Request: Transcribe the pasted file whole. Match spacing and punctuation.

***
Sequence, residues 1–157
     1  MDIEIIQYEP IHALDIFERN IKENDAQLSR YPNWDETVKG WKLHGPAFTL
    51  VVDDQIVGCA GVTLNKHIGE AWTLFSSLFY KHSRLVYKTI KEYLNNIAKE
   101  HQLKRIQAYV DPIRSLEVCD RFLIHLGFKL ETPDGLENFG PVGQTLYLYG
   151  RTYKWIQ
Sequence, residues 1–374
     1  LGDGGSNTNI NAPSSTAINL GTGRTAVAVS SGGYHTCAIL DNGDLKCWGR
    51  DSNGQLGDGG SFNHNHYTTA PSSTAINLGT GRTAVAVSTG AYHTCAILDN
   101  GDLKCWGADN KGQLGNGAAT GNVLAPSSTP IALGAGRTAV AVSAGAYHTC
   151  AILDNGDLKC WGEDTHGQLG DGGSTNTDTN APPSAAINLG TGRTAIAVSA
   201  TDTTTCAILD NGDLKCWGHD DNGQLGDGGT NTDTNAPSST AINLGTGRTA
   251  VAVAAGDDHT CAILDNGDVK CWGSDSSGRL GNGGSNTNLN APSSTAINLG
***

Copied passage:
Sequence, residues 1–157
     1  MDIEIIQYEP IHALDIFERN IKENDAQLSR YPNWDETVKG WKLHGPAFTL
    51  VVDDQIVGCA GVTLNKHIGE AWTLFSSLFY KHSRLVYKTI KEYLNNIAKE
   101  HQLKRIQAYV DPIRSLEVCD RFLIHLGFKL ETPDGLENFG PVGQTLYLYG
   151  RTYKWIQ
Sequence, residues 1–374
     1  LGDGGSNTNI NAPSSTAINL GTGRTAVAVS SGGYHTCAIL DNGDLKCWGR
    51  DSNGQLGDGG SFNHNHYTTA PSSTAINLGT GRTAVAVSTG AYHTCAILDN
   101  GDLKCWGADN KGQLGNGAAT GNVLAPSSTP IALGAGRTAV AVSAGAYHTC
   151  AILDNGDLKC WGEDTHGQLG DGGSTNTDTN APPSAAINLG TGRTAIAVSA
   201  TDTTTCAILD NGDLKCWGHD DNGQLGDGGT NTDTNAPSST AINLGTGRTA
   251  VAVAAGDDHT CAILDNGDVK CWGSDSSGRL GNGGSNTNLN APSSTAINLG